Humans take about 25,000 breaths per day. Think about that. No, I mean really think about that. Most of us, most of the time, give no thought to breathing. You would think about it if you were having difficulty breathing. That’s a panic situation. On the other extreme, you would think about breathing if you were meditating. That’s the opposite of panic.
I heard an interview with author James Nestor on Fresh Air about his new book, Breath: The New Science of a Lost Art. A journalist, not a scientist or doctor, James Nestor became interested in breathing when his doctor recommended he take a breathing class to help his recurring pneumonia and bronchitis.
I have done meditation and some yoga and fitness activities that ask you to focus on your breath. I know that breathing slowly and deeply through the nose is associated with a relaxation response and that when the diaphragm lowers, more air moves into your lungs and your body switches to a more relaxed state.
The nose breathing seems to be the key takeaway. Nestor participated in a study while working on the book in which his nose was completely plugged for 10 days, forcing him to breathe solely through his mouth. Not a way to feel better.
What’s so much better about nose breathing? Air taken in through the nose is filtered and warmed and it can trigger different hormones to flood our bodies, lower our blood pressure and even help store memories.
I didn’t know that the nose is more closely connected to our genitals than any other organ. It has the same tissue and when your genitals are stimulated, your nose will become stimulated as well. Some people even sneeze when stimulated (“honeymoon rhinitis).
It sounds like Nestor was also inspired to study breathing while working on his previous book, Deep, which was about the science of freediving where holding your breath for long periods is key.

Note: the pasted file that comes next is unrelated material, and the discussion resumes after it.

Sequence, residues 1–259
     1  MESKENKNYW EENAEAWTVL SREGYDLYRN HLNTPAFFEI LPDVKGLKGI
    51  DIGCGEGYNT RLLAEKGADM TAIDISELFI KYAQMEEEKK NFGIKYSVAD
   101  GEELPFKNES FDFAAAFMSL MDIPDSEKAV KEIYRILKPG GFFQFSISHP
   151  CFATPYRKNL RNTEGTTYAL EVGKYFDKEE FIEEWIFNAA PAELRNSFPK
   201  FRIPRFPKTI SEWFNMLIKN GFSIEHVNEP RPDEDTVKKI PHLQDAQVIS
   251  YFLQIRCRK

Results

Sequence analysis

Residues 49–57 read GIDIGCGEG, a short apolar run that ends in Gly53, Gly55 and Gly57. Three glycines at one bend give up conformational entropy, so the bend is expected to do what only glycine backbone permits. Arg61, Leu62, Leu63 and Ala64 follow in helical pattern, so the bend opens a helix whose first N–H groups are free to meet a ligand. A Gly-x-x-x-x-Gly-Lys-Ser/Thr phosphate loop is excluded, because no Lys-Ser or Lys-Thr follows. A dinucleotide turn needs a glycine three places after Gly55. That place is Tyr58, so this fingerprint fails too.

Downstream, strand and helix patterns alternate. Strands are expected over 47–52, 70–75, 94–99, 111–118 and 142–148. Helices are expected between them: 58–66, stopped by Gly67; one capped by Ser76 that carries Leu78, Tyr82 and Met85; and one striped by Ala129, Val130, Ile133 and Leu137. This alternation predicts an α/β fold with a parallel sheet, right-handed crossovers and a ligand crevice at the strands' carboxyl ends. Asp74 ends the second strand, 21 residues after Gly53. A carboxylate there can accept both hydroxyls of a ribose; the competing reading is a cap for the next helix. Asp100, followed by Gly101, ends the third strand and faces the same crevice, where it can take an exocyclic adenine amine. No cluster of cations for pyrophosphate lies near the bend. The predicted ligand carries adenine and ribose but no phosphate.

It was also news to me that scientists believe that breathing is one way that our bodies maintain balance. When we breathe through our right nostril, circulation speeds up, so we get hotter, cortisol levels increase, and blood pressure increases. But breathing through the left nostril will reverse that – lower blood pressure, temperature, and anxiety. You don’t need to think about this as it occurs naturally, but you can think about it. I’ve had meditation breathing sessions where we try to breathe in through our left nostril – without holding our right one closed.
When you breathe through your mouth, you lose that balancing.
And exhaling relaxes the body. A deep breath in lowers the diaphragm and sends a lot of blood into the thoracic cavity, and when you exhale, that blood shoots back out through the body.
The really new thing I learned about is about “mouth taping” when you sleep to train yourself to breathe through your nose. There are commercial products for this, but Nestor said a small piece of micropore surgical tape will work. I have now tried it for a week. Besides my occasional problems falling asleep, I have been diagnosed with mild sleep apnea. I have a mouthguard that helps but before I was diagnosed, everyone (especially my wife) was bothered by my snoring. It’s too early to report results on the taping but, according to my Fitbit. I have slept better this past week.
Nestor mentions an experiment that had participants use the Sanskrit mantra Auṃ maṇi padme hūṃ which I learned in a class on Buddhism to work on their breathing.
Another video Nestor links to is with Dr. Andrew Weil demonstrating the 4-7-8 breathing technique which can help you get to sleep. I’ve tried it and sometimes it does seem to work.